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Prog Cell Cycle Res. 2003;5:269-78.

Protein deacetylases: enzymes with functional diversity as novel therapeutic targets.

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  • 1Chemical Genetics Laboratory, RIKEN, Saitama, Japan.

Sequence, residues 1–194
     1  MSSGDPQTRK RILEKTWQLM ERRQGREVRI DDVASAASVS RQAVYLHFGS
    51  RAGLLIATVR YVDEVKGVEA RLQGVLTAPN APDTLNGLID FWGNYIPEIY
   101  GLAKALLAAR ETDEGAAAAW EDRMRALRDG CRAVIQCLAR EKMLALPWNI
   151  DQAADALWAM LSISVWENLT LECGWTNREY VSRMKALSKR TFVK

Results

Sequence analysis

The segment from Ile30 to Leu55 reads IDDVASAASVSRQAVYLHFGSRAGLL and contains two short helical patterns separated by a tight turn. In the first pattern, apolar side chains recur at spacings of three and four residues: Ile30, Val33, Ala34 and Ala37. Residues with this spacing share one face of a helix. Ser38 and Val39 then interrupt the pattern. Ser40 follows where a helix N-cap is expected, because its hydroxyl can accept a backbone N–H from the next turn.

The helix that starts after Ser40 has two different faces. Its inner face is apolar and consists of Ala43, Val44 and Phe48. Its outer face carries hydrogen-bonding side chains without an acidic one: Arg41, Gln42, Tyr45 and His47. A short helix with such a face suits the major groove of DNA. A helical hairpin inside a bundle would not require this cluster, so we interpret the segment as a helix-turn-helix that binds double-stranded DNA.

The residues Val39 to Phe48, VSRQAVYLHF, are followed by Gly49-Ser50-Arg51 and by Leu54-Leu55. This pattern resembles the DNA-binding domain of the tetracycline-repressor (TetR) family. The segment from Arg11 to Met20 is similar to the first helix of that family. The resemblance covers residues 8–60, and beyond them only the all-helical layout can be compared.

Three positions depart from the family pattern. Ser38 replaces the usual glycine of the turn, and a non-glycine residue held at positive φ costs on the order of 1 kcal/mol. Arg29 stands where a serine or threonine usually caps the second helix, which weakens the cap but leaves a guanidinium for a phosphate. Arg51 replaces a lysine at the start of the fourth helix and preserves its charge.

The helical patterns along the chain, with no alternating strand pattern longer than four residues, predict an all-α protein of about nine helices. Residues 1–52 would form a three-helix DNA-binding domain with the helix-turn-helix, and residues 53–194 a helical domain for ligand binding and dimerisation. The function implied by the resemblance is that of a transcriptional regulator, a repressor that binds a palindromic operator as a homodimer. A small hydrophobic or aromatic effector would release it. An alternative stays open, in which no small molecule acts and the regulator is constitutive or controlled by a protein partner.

It is becoming increasingly clear that reversible acetylation of proteins is a signal directly controlling the activity of key cellular regulators. The enzymes controlling protein acetylation were identified as histone acetyltransferases (HATs) and histone deacetylases (HDACs). Following the discovery of HATs and HDACs, a number of non-histone proteins have been identified as substrates for these enzymes. HDACs play important roles in transcriptional regulation and pathogenesis of cancer through removing acetyl groups from histones and other transcriptional regulators. HDAC inhibitors case cell cycle arrest, differentiation and/or apoptosis of many tumors, suggesting their usefulness for chemotherapy and differentiation therapy. Since recent studies have revealed that HDACs are structurally and functionally diverse, it should be possible to develop inhibitors specific to individual HDACs as more promising agents for cancer therapy.

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